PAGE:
415
416</section>
417
418<section title='Document History'>
419
420<t>[This entire section is to be removed when published as an RFC.]</t>
421
422<section title='Changes between draft-sayre-http-security-variance-00 and
423  draft-ietf-httpbis-security-properties-00'>
424
425<t>Changed the authors to Paul Hoffman and Alexey Melnikov, with permission
426of Rob Sayre.</t>
427
428<t>Made lots of minor editorial changes.</t>
429
430<t>Removed what was section 2 (Requirements Notation), the reference
431to RFC 2119, and any use of 2119ish all-caps words.</t>
432
433<t>In 3.2.1 and 3.2.2, changed "Latin-1 range" to "ISO 8859-1
434repertoire" to match the definition of "TEXT" in RFC 2616.</t>
435
436<t>Added minor text to the Security Considerations section.</t>
437
438<t>Added URLs to the two non-RFC references.</t>
439
440</section>
441
442
443<section title='Changes between -00 and -01'>
444
445<t>Fixed some editorial nits reported by Iain Calder.</t>
446
447<t>Added the suggestions about splitting for browsers and
448automation, and about adding NTLM, to be beginning of 2.</t>
449
450<t>In 2.1, added "that involves a human
451using a web browser" in the first sentence.</t>
452
453<t>In 2.1, changed "session key" to "session identifier".</t>
454
455<t>In 2.2.2, changed
456<figure><artwork><![CDATA[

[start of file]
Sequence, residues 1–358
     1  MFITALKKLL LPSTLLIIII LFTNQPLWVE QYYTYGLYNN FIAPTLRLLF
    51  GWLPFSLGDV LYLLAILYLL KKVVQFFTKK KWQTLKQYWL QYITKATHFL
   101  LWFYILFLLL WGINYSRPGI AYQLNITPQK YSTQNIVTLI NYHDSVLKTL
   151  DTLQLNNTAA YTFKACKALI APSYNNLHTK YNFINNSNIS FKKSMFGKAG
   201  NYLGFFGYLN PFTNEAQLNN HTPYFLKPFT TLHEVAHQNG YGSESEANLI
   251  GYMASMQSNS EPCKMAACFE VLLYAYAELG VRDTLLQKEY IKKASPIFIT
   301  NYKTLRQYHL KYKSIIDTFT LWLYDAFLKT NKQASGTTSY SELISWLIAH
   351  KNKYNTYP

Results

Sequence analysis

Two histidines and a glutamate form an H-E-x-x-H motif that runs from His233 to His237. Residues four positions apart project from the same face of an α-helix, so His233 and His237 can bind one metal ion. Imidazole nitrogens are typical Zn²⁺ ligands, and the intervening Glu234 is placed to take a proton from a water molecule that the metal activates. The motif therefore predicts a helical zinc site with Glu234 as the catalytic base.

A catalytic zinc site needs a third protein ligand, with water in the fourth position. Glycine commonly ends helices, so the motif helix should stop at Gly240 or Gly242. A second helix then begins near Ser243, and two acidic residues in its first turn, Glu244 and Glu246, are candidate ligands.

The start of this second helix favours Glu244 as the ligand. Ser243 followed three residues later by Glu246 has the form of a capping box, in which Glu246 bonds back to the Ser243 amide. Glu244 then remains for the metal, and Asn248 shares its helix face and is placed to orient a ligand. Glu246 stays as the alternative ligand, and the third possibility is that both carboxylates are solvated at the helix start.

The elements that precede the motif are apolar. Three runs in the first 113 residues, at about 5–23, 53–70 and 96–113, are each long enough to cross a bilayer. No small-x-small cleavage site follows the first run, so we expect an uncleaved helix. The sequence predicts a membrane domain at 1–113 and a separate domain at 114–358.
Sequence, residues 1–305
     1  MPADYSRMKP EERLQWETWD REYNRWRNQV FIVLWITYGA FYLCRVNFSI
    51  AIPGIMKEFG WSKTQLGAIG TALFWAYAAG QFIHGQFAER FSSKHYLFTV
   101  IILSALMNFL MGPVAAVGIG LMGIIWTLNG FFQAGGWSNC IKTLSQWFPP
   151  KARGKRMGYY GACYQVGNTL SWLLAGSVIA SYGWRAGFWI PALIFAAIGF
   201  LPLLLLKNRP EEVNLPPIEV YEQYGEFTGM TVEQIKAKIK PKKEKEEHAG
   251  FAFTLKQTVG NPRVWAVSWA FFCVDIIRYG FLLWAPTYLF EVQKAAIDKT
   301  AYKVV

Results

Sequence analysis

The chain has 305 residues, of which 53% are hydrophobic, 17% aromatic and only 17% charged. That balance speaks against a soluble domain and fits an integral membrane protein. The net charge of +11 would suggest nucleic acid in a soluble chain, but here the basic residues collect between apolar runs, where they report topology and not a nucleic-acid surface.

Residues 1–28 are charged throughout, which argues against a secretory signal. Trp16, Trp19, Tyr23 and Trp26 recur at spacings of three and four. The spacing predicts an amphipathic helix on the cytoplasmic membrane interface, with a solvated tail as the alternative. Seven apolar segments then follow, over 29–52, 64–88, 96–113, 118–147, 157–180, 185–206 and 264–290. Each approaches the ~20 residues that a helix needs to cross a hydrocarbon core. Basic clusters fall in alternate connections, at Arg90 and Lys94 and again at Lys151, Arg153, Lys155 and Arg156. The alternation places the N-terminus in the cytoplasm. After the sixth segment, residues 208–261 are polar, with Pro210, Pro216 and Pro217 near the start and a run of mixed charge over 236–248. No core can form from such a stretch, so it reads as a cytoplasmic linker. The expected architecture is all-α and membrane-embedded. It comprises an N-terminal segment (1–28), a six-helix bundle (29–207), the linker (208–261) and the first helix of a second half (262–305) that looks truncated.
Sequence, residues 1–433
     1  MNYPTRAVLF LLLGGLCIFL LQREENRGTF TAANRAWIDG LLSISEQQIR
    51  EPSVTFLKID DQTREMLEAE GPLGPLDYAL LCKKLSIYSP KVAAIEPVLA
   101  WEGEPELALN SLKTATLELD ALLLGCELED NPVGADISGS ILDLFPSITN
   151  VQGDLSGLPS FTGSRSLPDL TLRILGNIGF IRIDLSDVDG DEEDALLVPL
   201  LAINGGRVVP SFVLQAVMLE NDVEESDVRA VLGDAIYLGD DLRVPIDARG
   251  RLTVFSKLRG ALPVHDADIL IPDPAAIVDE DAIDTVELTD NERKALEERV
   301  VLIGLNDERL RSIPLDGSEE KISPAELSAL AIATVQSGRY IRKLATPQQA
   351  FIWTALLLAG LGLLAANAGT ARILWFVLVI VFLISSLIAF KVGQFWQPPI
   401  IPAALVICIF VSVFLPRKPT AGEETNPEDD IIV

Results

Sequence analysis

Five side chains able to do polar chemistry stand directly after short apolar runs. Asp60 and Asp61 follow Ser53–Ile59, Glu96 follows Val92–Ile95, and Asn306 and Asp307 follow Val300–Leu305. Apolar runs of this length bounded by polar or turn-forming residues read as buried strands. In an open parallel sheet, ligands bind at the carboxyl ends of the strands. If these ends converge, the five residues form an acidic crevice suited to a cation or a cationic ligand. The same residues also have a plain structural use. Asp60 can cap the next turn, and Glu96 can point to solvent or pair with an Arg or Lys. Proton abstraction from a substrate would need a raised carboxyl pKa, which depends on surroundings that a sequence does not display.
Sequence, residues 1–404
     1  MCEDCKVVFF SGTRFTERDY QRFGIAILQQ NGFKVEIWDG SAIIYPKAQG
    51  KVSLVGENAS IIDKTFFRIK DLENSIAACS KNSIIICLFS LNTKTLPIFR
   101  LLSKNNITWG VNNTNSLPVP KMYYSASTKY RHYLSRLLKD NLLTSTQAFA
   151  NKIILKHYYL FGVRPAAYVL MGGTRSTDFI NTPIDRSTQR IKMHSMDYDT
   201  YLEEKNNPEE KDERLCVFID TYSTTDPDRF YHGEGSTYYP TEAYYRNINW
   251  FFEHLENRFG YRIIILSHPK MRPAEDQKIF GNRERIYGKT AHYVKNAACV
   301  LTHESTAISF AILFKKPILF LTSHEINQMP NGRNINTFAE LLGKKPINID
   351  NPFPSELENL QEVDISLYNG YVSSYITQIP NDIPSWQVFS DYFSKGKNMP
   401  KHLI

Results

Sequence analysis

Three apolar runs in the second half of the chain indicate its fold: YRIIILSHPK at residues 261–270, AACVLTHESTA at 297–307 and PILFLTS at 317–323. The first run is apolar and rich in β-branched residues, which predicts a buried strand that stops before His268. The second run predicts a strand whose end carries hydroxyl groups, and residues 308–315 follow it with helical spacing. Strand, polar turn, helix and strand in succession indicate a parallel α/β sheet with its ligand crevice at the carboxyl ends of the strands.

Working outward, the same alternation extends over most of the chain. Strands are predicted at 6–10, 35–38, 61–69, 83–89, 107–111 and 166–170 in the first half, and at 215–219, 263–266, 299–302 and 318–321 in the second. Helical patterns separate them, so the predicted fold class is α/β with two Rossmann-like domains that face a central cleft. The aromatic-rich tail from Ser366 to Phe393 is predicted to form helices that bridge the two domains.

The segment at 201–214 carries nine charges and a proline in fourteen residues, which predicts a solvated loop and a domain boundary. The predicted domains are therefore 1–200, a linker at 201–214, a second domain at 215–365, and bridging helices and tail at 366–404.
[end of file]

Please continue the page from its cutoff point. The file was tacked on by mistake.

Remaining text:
457Digest includes many modes of operation, but only the simplest modes
458enjoy any degree of interoperability.  For example, most
459implementations do not implement the mode that provides full message
460integrity.  Additionally, implementation experience has shown that
461the message integrity mode is impractical because it requires servers
462to analyze the full request before determining whether the client
463knows the shared secret.
464]]></artwork></figure>
465to
466<figure><artwork><![CDATA[
467Digest includes many modes of operation, but only the simplest
468modes enjoy any degree of interoperability.  For example, most
469implementations do not implement the mode that provides full message
470integrity.  Perhaps one reason is that implementation experience has
471shown that in some cases, especially those involving large requests
472or responses such as streams, the message integrity mode is
473impractical because it requires servers to analyze the full request
474before determining whether the client knows the shared secret or
475whether message-body integrity has been violated and hence whether
476the request can be processed.
477]]></artwork></figure>
478</t>
479
480<t>In 2.4, asked for a definition of "Web Services".</t>
481
482<t>In A, added the WG.</t>
483
484</section>
485
486
487<section title='Changes between -01 and -02'>
488
489<t>In section 2.1, added more to the paragraph on auto-completion of
490HTML forms.</t>
491
492<t>Added the section on TLS for authentication.</t>
493
494<t>Filled in section 2.5.</t>
495
496</section>
497
498
499</section>
500
501</back>
502
503</rfc>